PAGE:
There were more differences between South Korea and Japan than I had expected. Beth, Craig and I stayed in a super nice apartment in Gangnam, and to my surprise, not once did I do the Gangnam Style dance while there. (In fact, when I started singing it quietly under my breath I felt a sudden rush of shame and trailed off awkwardly.) We were living a street away from K-star Road, the road where most of the major signing companies for Pop stars had their offices, and crowds of people (particularly young girls) would hang out in nearby restaurants and cafes waiting for a glimpse of G-Dragon or Miss A. It was a really flashy area, and I loved the little conveniences like having a PIN code lock the door rather than a mechanical key, and heated floors being standard for an apartment. I could have done without the only window in the bathroom opening straight onto the street though. Got mighty foggy in that poorly-ventilated room, because I dunno, I found it kind of weird staring at passersby while I showered.
I didn’t have much of a plan for where to go or what to do in Korea, but Beth tracked down a few of the restaurants she really wanted to try (courtesy of Eat Your Kimchi) and we travelled to Itaewon, Myeondong and Hongdae in our journeying. I wasn’t really into doing much shopping (and there was quite a lot of merchandise advertised by SHINee and other big name K-pop stars), though I enjoyed wandering through the markets. One of my favourite finds was a small arcade that allowed us to shoot BB-rifles at various-sized targets (so damn satisfying. Happy to see my accuracy is continuing to be above average) and hosted a unique machine that measured the force of an uppercut. Here I am pictured impressing these girls with my intense power.
Of all the really excellent food we had (excepting a chicken and beer restaurant, where I may well have been put off fried chicken for life due to the sheer quantity of the stuff), my biggest cullinary accomplishment was ordering and eating kimchi-jjigae. Keep in mind the only reason I wanted fermented cabbage stew was because it’s one of the four Korean phrases I know how to say, and it turned out to be one of the spiciest things I’ve ever been exposed to. It was a hell of a battle, and several paper towels drenched with sweat later, I conquered that sucker and could readily have taken a bite of the sun to cool my palette down.
The highlight of the trip by quite a landslide was attending the Global Starcraft League tournament. I had not expected to be into Starcraft (though I was prepared to get swept away by the hype of it all), and when Craig showed me a few games and I got surprisingly into it. Poor Beth had to put up with a whole lot of jargon as Craig and I got into passionate discussions about’lings, banes, medanks, DT’s, Artosis Pylons and the like. By the time we arrived at the studio, I considered myself well versed in the ways of the Star Potato, and I had a heightened appreciation for the intense skill these world-class players exhibited as they performed hundreds of actions per minute, their hands moving in a frenzy on the mouse and keyboard. Craig and I had also come prepared for the moment the camera would turn to the audience (in between or at the start of matches), and we clutched our Hot 6’s for three hours before we got our international broadcast debut. When the camera cut to us, 15 000 viewers saw us raise our cans of energy drink, clink them together, and then scull them. I couldn’t help but grin as the Korean commentators stopped mid-sentence to go “WOOOOOOOOOOOOAH!” in appreciation and talk excitedly about us, presumably saying we were the first audience members to acknowledge the sponsors. The English commentators stopped talking about the game for several minutes while they applauded us and extolled the virtues of drinking Hot 6. On Twitch, the chat stream was filled with accusations of being sell outs, which I will happily claim. To view the moment yourself, click here! https://www.twitch.tv/gsl/v/58917017?t=165m16s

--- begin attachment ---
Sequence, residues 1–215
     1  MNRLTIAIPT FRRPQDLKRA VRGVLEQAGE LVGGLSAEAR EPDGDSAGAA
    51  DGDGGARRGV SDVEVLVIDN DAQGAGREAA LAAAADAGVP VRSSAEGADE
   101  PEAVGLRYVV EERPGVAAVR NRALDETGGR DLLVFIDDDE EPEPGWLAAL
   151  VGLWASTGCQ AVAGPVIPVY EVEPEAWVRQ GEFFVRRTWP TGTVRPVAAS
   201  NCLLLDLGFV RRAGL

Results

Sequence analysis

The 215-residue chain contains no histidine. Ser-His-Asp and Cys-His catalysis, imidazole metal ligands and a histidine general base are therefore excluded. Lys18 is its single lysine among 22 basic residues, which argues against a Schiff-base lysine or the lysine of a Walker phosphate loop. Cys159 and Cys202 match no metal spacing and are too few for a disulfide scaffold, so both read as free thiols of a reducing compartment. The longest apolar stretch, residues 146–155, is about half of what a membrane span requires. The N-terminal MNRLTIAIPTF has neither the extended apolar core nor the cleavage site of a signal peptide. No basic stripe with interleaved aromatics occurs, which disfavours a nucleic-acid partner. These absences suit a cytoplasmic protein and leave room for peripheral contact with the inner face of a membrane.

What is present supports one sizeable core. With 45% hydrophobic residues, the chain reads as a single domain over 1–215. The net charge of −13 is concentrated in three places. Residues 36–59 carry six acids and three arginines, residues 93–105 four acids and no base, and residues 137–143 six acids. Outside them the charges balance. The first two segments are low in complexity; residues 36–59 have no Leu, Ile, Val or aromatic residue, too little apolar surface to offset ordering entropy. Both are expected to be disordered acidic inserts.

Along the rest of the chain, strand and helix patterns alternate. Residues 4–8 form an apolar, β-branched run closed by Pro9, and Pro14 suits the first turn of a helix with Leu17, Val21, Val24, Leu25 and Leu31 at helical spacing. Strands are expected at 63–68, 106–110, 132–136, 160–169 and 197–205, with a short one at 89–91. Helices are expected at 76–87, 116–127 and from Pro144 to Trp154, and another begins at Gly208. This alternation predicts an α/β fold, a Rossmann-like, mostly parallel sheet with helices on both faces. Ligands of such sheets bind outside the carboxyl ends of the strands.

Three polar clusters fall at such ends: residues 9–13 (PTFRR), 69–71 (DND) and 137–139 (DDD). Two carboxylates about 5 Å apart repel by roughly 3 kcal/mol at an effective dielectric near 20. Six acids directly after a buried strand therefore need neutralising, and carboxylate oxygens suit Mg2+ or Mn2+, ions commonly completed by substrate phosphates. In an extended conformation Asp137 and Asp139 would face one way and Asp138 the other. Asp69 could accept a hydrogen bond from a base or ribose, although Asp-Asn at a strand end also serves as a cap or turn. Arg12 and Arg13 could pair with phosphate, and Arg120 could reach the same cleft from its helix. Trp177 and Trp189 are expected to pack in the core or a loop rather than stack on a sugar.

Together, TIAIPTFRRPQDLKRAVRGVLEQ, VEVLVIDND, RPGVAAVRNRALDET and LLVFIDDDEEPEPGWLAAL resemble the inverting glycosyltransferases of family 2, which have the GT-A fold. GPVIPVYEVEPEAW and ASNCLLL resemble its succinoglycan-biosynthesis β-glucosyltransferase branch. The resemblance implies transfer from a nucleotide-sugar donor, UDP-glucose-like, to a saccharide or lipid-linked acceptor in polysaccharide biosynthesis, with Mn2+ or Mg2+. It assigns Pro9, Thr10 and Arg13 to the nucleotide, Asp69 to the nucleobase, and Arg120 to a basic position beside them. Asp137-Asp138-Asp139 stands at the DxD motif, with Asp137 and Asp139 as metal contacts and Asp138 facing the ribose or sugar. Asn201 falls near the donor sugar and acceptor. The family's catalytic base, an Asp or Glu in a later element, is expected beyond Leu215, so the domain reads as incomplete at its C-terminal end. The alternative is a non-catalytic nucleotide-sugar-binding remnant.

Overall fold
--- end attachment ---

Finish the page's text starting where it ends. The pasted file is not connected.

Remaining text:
Overall, it was a great couple of days in Korea, and I’m really glad I went. I have to admit, I’m also not particularly keen to return. The culture is more distinct from Japan than I realised, and I have to say the many differences was quite off-putting to me. For instance, the difference in courtesy between the two countries was astonishing; salespeople in Japan almost always bow and call out irrashaimasse! to greet you, whereas salespeople in Korea seem to either follow you around, literally pushing menus and products in front of you, or otherwise ignore you indifferently. Admittedly, I did find it charming many people put their other hand under the elbow of their extended arm when giving or receiving something. In the end, I think it was a combination of the little things (like the language not sounding pleasant to my ears) and the big things (like little old ladies elbowing me as they passed despite plenty of room to walk around me) that make me hesitate to return some day.
Stay tuned for stories of our imminent, and grateful return to Tokyo.